Unfortunately, whether by design or not, the lead is just an infuriating dishrag of a man throughout, a Jonathan Harker figure who cannot take action to save himself or others, but just cringes at every decision that comes his way. He's like that even before his obsession, too- nor does he convey the Bauer hero's sense of of a man of great inward depth and power, though I think he's meant to. Abel seems far too old for the part- he seems like he should be a man in his early 20s, still drunk on his own dreams and emotions, still not wholly in command of himself- but Abel appears to be in his forties, at least, with a bad blonde dye job and an awful combover. His carriage and body language suggest not so much a man driven by an enduring fascination as one who is doing his best to disappear, and Lil Dagover's interest in him is almost entirely inexplicable. He seems made to be bullied- he does not defend his sister when she leaps for him in a crowded nightclub and a man starts attacking her (indeed, it's she who defends him) nor does he make any effort to stop a murder being committed in from on him (instead curling up into a ball and bleating no don't over and over.) Even his great follies are mostly the result of him acting on the decisions of others- and when redeemed, he is still like that. Who could love such a man? This is a movie that's tempting to read as autobiography, as it's about an obsessive, socially unacceptable form of love experienced by a man who is a poet and an artist, but even ignoring that it was Thea von Harbou who wrote it, one would like to think that Murnau would give himself a worthier avatar- as autobiography, this would be extremely self deprecating.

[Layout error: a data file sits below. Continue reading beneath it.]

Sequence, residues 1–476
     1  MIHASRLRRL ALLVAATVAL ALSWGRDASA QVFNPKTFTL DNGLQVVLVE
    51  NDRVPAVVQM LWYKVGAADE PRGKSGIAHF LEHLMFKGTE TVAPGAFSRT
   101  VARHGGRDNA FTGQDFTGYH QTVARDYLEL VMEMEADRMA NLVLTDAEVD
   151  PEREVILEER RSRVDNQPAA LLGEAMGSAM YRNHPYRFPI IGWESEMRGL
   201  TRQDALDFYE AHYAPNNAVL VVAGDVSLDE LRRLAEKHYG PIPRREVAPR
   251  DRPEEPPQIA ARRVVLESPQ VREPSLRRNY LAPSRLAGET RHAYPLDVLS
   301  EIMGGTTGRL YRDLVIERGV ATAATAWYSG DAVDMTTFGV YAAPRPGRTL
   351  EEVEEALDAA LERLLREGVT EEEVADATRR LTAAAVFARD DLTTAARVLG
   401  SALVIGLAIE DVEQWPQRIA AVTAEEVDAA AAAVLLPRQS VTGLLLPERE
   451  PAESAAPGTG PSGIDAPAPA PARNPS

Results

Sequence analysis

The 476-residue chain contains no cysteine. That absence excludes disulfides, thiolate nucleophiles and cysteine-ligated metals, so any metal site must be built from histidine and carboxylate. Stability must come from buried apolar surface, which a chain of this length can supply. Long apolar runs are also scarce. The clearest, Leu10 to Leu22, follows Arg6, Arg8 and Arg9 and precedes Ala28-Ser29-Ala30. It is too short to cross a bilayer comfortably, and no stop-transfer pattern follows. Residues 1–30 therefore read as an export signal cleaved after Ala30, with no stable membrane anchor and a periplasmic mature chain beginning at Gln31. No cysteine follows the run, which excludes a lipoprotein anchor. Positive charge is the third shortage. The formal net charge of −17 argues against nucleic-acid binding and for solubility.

That said, there are some nice moments in this- there are repeated fantasy sequences that begin to burst into the Abel's perception as his obsession consumes him- the moment he met her, her face over another's, the world going black around him, all played over and over- expressionist tricks used in what is largely a realistic movie. Near the end, there's a fabulous sequence in which a carriage ride, a shopping spree, and a nightmare all seem to be happening a once, and the walls of the city are folding in on us- for once, though Abel's performance hasn't changed, the world around him has become extreme enough that it feels like there's some kind of meaningful depth to his addiction.